My pancake go-to recipe has always been the classic Joy of Cooking receipt. However, I rarely make it because I find the measuring fiddly, and because it works best made the day before, resting in the fridge overnight. And to be honest, my son just doesn’t like pancakes enough to make that worthwhile. So, I dug for a shortcut using self-rising flour, which I keep on hand for biscuits.
- 3/4 c. milk
- 1 egg
- 2 T melted butter
- 130g self-rising flour
- 2 T sugar
Beat the egg into the milk, then whisk in the melted butter. Stir flour & sugar together. Whisk liquids into the dry ingredients.
Hot griddle, no oil needed (the butter in the batter is enough). Cook on one side until bubbles stop rising & much of the top is dry. Flip, cook until done (you’ll see a wash of steam coming out — it’s okay to peek for doneness).
Batter is a bit runny, so don’t expect to get 4 cakes on one griddle. One large cake works better. I get 3 large cakes from this recipe.
[UPDATE: November 2023, Matthew:] We don’t always have self-rising flour in the house these days, so I’ve gone back to using baking powder.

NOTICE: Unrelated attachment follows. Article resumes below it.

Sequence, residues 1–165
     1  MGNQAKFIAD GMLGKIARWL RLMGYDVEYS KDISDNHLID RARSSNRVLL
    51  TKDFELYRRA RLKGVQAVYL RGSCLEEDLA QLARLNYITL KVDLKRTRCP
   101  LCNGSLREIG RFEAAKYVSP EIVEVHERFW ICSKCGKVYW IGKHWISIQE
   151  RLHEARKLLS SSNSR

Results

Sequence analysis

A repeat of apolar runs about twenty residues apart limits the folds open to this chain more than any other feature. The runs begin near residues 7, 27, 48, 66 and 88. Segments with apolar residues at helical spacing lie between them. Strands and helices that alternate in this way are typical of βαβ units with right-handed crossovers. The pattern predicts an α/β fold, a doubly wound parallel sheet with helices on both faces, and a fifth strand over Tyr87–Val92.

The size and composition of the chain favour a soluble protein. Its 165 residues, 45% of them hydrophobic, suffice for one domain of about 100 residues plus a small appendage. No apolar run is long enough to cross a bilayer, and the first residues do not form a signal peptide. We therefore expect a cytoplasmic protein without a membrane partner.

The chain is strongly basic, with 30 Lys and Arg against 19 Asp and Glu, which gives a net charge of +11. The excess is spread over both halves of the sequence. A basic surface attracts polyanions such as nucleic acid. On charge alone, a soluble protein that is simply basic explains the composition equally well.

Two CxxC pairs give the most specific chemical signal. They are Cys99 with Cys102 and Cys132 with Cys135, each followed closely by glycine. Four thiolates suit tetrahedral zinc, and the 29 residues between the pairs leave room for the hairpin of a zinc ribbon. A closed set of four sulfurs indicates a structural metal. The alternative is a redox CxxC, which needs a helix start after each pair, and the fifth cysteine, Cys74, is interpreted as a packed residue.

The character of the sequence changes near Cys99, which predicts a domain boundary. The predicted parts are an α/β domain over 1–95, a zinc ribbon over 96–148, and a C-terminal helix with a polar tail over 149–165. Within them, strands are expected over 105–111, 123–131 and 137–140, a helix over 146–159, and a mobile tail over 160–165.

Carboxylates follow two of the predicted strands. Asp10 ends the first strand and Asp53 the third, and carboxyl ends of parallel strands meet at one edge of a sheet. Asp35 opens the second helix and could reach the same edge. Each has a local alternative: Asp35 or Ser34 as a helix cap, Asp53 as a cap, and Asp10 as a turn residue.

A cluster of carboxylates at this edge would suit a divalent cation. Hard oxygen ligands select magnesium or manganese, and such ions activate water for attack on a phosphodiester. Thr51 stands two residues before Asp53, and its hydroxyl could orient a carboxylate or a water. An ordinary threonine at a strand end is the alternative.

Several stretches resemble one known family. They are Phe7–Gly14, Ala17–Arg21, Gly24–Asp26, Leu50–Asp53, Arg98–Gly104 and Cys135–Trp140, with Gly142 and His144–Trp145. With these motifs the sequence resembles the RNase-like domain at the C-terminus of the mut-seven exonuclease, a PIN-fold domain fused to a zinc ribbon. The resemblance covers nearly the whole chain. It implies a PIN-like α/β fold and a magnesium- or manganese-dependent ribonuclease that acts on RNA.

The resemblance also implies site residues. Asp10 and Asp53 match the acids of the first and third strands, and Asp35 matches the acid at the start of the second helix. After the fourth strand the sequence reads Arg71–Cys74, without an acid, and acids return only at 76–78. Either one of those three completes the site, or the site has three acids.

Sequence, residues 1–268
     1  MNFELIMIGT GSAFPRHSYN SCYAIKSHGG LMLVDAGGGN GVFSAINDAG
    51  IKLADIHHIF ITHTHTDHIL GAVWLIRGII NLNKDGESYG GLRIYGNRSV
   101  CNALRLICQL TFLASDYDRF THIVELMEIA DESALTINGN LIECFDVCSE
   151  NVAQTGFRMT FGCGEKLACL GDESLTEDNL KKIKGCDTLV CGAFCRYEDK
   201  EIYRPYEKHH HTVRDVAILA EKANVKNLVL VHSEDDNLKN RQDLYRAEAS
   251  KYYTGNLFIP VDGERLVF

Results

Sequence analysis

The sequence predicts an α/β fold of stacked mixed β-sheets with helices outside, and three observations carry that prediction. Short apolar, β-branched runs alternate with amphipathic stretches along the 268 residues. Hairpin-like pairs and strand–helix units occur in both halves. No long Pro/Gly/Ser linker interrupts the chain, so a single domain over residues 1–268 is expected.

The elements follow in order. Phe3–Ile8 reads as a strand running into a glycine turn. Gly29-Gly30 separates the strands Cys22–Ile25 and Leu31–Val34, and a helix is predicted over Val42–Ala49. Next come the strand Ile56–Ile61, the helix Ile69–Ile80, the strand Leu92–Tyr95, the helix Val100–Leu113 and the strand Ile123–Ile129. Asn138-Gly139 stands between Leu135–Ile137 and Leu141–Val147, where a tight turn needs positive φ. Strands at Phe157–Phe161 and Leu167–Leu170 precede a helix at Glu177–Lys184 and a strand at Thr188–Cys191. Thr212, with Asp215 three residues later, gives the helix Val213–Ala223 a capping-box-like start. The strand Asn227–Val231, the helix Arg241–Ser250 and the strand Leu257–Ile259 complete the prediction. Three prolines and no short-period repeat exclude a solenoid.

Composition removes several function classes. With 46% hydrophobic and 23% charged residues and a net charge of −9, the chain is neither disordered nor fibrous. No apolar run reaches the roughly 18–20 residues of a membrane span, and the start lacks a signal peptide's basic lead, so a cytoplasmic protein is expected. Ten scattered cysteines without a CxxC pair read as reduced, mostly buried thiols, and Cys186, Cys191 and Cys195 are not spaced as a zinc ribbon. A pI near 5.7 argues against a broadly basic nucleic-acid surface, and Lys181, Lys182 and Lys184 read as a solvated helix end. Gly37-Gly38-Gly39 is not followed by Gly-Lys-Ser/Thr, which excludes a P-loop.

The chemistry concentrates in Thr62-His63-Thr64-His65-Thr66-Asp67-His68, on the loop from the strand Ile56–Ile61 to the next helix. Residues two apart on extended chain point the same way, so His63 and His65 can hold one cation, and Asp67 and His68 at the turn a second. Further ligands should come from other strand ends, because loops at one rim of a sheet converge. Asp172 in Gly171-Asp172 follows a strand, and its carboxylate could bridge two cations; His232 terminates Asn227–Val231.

This recipe is enough for one hearty serving, about four good-sized pancakes.
Put a large skillet or flat griddle on medium heat. Depending on the surface finish, you might add a tiny splash of cooking oil at the very start, but for some pans this is not needed.
Put the butter in a small dish and microwave for 20 seconds.
- 3/4 cup all-purpose flour
- 2 Tbsp sugar
- 1/2 tsp salt
- Scant tsp baking powder
Add the dry ingredients to a bowl and combine with a fork
- 3/4 cup milk
- 1 egg
- The butter that you just melted a minute ago
Add the wet ingredients to a bowl (or your measuring cup) and use a fork to scramble them together.
Add the wet ingredients to the dry ones, and stir until no dry spots remain.
Dribble a tiny test-size circle of batter onto the skillet and cook it to evaluate the temperature. It should sizzle, but just a little, and bubbles should form in the course of a minute or two. Check the bottom of the first pancake and adjust the heat as needed: if the pan smokes, it’s too hot; if the pancake remains pale, it’s not hot enough. Flip and finish and confirm heat is right.
Remove first pancake and eat while pouring out batter for first actual serving. I like four medium pancakes per person but some people like one giant one or a dozen tiny ones. Your choices may be constrained by the size of your pan.
Flip each pancake after bubbles have formed and started to pop. Cook until finished on other side.
It just takes a couple of minutes on each side, so if you’re using this time to get out the syrup or other toppings, don’t get distracted and let them burn!
Melted butter and maple syrup are the classic topping for these pancakes, but jam or apple butter are also solid choices.